Oppenheimer and Museums
Published in Curator — The Museum Journal July 2010
Something Incredibly Wonderful Happens: Frank Oppenheimer and the World He Made Up
By K.C. Cole. New York: Houghton Mifflin Harcourt, 2009.
416 pages. Hardcover: $27.00.
Doom and gloom, gloom and doom. Cultural participation back to 1982 levels, budgets stretched thin, layoffs and furloughs, endowments decimated. Art sold for overhead, expansion projects suspended, government support drained. Unemployment about 10 percent, terrorism at home and abroad, melting ice caps.
In this unsettling world, to whom should museums look for a much-needed dose of optimism?
Believe it or not, I suggest we look to Frank Oppenheimer, one of the handful of men responsible for building the only atom bombs ever used in war. Curiously, a man who helped develop weapons of mass destruction also contributed a rubric for building an exemplary museum. (This rubric is summarized below.)
Twenty-four years after the Manhattan Project (which was run by his older brother Robert), Oppenheimer conceived of and built the Exploratorium in San Francisco. This “woods of natural phenomena,” as he called it, is a model we should all look to for inspiration and guidance. The usefulness comes not from the revolutionary resources or programs he deployed (such as using spare factory parts to build exhibits or employing high school “explainers” as docents), but rather for the results these produced.
The Exploratorium is perhaps the most elegant manifestation of a museum environment that inspires viewers’ sense of wonder and self-motivated involvement. In some respects, this collection of amazing and amusing exhibits shares the traits of the cabinets of wonder, those collections of exotica often considered the historic root of the modern museum. Those arrays of objects, however, were usually ad hoc compilations lacking a central theme beyond exposing visitors to the previously unknown or celebrating the natural curiosities of the known world. The Exploratorium is equally fascinating, but more purposeful in its approach and less dependent on rare or valuable artifacts. It presents a coherent environment of cause and effect in order to transcend mere amazement and prompt inquisitiveness. Its growing and evolving exhibits explore the impact of nature, culture, and context on human perception and cognition.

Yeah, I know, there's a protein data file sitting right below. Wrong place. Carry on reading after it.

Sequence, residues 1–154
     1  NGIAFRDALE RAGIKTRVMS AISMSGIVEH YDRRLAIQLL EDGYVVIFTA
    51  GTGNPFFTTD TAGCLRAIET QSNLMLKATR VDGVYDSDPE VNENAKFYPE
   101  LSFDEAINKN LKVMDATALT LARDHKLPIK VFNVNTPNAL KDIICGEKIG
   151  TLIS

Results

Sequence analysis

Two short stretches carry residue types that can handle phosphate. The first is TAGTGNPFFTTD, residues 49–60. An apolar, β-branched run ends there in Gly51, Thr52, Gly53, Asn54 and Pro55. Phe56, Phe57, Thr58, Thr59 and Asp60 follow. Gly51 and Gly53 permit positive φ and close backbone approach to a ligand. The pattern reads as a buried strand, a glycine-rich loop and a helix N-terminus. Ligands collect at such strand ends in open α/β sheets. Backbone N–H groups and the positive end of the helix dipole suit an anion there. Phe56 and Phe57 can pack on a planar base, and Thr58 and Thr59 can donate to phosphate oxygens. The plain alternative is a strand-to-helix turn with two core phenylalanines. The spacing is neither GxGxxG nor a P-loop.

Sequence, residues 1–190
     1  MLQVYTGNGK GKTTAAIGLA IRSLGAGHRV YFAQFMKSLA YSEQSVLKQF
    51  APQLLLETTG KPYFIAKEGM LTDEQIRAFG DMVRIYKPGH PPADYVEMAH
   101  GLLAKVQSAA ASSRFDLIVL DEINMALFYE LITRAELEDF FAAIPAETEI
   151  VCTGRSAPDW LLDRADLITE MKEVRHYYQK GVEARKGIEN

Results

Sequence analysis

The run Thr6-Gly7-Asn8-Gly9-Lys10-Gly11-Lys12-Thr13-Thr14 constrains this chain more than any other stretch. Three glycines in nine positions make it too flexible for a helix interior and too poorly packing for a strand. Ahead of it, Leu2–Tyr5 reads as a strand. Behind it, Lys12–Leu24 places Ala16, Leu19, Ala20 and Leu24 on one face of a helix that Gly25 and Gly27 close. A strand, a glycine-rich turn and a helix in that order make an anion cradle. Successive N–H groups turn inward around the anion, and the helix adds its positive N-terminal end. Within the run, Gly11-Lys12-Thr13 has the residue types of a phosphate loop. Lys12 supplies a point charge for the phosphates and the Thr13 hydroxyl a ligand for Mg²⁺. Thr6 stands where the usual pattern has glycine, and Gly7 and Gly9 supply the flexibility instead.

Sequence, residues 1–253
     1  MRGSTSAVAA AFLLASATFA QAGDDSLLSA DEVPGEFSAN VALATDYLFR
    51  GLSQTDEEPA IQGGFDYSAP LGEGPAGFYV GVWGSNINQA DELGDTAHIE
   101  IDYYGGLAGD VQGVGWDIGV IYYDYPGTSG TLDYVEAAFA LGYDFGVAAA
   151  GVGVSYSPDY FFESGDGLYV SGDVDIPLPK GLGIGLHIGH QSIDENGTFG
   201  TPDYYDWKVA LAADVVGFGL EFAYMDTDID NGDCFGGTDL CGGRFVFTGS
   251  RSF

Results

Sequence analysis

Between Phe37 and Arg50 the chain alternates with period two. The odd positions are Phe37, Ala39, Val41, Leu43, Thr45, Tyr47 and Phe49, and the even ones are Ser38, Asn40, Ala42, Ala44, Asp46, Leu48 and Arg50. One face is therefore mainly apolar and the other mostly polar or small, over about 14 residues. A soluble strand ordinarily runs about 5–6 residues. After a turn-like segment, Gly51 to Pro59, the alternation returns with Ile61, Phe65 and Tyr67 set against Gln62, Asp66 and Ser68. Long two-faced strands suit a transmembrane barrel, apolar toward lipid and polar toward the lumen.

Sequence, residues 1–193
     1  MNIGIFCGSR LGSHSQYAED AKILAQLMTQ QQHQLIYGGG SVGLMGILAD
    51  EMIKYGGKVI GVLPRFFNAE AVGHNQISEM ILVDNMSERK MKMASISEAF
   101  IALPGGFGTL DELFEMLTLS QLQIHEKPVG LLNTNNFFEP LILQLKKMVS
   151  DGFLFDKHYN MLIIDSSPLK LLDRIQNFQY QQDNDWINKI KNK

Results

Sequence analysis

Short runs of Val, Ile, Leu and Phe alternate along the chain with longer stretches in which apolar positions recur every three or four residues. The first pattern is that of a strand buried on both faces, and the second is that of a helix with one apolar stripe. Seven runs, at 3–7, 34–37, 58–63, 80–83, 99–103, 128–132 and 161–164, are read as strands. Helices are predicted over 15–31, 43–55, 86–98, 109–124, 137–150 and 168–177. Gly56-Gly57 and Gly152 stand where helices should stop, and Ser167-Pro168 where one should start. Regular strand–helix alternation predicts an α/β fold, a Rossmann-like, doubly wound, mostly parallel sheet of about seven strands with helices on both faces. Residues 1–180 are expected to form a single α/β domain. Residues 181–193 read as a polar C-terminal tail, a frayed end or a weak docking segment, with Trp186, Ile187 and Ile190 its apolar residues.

You’re thinking, perhaps, that your favorite museum also achieves this coherent theme, and I hope that’s the case. The best way to make sure is to visit the Exploratorium the next time you’re in San Francisco. Watch how visitors use it, claiming it as their own and at the same time sharing it with others. Watch how they interact with the exhibits, with their friends, and even with strangers. Watch them run, touch, muse, laugh, share, and, inevitably, learn.
You’ll notice that, while the exhibits are physically the same for everyone, each visitor chooses how to engage with them, making his or her experience unique and personal. Each visit can generate wonderful emotions: happiness, freedom, awe, recognition, mystification, desire to dig deeper, camaraderie with others. I believe these sorts of sensations, individually and collectively felt, are a necessary foundation upon which we build optimism about the future. And isn’t that a crucial function of museums—to contribute to an optimistic future?
Then be sure to stop observing and become a participant yourself. You will experience the benchmark for a great museum—inspiring visitors to share responsibility for their own experience. (And if after visiting the Exploratorium you still think your museum meets that high standard, drop me an email. I’d love to come see it!)
K.C. Cole obviously shares my enthusiasm and affection for the Exploratorium. Her provocative and enlightening biography, Something Incredibly Wonderful Happens: Frank Oppenheimer and the World He Made Up, goes beyond the history of the Exploratorium to (re)introduce us to Oppenheimer the individual. Cole, a science writer for the Los Angeles Times and professor at the University of Southern California Annenberg School of Journalism as well as a long-time Oppenheimer collaborator, friend, and confidant, efficiently recounts his wide-ranging experiences, from a privileged Upper East Side childhood, to explorations ranging from socialist politics to sub-atomic particles; his leading role in the Manhattan Project, followed by McCarthy-era ostracism; and a temporary exile to ranching and teaching high school science in western Colorado.